they taxed the surpluses and financed social sector investments.
But in the 60s and 70s, the country experienced
a rapid population growth of three percent or more.
Simultaneously, the surpluses in the tree crops sector got
"The resources were sucked into the social
sector investments," he explained. "We didn’t have enough left
over for investment in capital stock, like infrastructure and
equipment, which would have created jobs."
Sri Lanka’s performance in comparison with South
East Asia was disappointing, he admitted.
"We could have done as well as them," he
stressed. "By allowing this (civil) conflict to go on for as
long as it has done, we really have not done ourselves any
Meanwhile, current progress in India has now
provided us with an economic opportunity. Sri Lanka must take
advantage of the Comprehensive Economic Partnership Agreement.
Coomaraswamy observed that we had already dropped a catch in the
1980s, when civil conflict prevented the country from capturing
Japanese investment. During that period, countries like
Malaysia, Thailand and Indonesia had significantly transformed
their economies through Japanese business.
Cost of living
The cost of living is a problem for many Sri
Lankans because the country was a low productivity economy and
wages were low.
"We cannot significantly increase the overall
productivity or competitiveness of the economy without tackling
two very large wells of low productivity," Coomaraswamy
explained. "The public service and the traditional agricultural
Over the years, the public service has been used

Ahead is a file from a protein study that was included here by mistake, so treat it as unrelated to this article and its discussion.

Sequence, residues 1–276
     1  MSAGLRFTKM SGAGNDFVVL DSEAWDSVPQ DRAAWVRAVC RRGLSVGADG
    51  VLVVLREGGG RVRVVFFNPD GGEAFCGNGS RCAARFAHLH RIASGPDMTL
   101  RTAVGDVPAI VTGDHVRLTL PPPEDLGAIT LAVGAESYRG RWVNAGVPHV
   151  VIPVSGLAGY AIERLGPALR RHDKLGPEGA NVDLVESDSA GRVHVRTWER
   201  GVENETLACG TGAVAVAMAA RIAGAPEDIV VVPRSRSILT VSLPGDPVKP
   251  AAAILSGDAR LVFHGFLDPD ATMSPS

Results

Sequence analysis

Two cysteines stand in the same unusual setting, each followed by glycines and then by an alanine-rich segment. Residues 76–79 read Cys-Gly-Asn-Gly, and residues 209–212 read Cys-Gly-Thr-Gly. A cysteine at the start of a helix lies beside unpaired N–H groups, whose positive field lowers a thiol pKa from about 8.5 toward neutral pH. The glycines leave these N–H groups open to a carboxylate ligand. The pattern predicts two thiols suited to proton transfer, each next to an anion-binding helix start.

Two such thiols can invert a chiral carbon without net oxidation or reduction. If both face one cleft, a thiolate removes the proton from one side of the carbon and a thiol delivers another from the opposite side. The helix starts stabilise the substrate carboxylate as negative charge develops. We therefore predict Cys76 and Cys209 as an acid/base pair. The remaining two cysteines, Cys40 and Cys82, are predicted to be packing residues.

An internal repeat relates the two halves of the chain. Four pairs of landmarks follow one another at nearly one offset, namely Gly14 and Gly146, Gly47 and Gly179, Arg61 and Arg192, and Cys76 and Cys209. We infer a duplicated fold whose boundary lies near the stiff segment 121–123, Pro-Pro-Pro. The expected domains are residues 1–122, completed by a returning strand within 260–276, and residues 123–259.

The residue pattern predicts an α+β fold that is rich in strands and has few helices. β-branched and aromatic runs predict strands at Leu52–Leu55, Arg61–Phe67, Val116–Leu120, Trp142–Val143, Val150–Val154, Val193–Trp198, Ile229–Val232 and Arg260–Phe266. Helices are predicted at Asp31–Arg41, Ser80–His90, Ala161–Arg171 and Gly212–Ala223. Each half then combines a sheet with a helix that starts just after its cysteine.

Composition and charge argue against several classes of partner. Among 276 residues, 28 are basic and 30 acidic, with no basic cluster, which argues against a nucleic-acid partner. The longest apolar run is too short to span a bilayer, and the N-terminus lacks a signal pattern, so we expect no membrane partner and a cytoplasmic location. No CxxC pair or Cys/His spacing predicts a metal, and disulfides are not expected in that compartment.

to meet the shortfall in sustainable employment.
"We now have a public service that is very
large," he lamented. "On a per capita basis, it is one of the
largest in the world and its absorbing a large amount of
resources at very low levels of productivity. As a result, the
overall competitiveness and productivity of the economy is
getting dragged down."
Meanwhile, Sri Lanka also needs to raise
productivity in the traditional agriculture sector. There has
been considerable land fragmentation, resulting in a mass of
very small holders with insufficient cash flow. Investments were
needed and one of the options was to create farmer companies.
Thailand’s experience is instructive in this area.
"These are not easy things," he acceded. "They
can’t be done quickly. But we have to make a start. And for
that, we need political consensus on a strategy."
Coomaraswamy said reform has to be managed
carefully. One has to design well-targeted safety nets, to
cushion people during the transition.
"The international community is willing to
support such a process," he noted. "They have supported economic
reform with safety nets in several other countries." Assistance
includes generous severance or redundancy packages as well as
re-training programmes for outgoing personnel.
Such safety nets have been offered to Sri Lanka
but reform has rarely progressed beyond a certain stage.
"It is easy to derail this process because of
the time inconsistency between reform and the eventual benefits
that accrue," Coomaraswamy explained. "Derailment happens
consistently in Sri Lanka in an ever-repeating cycle."
Usually, a government comes into power and finds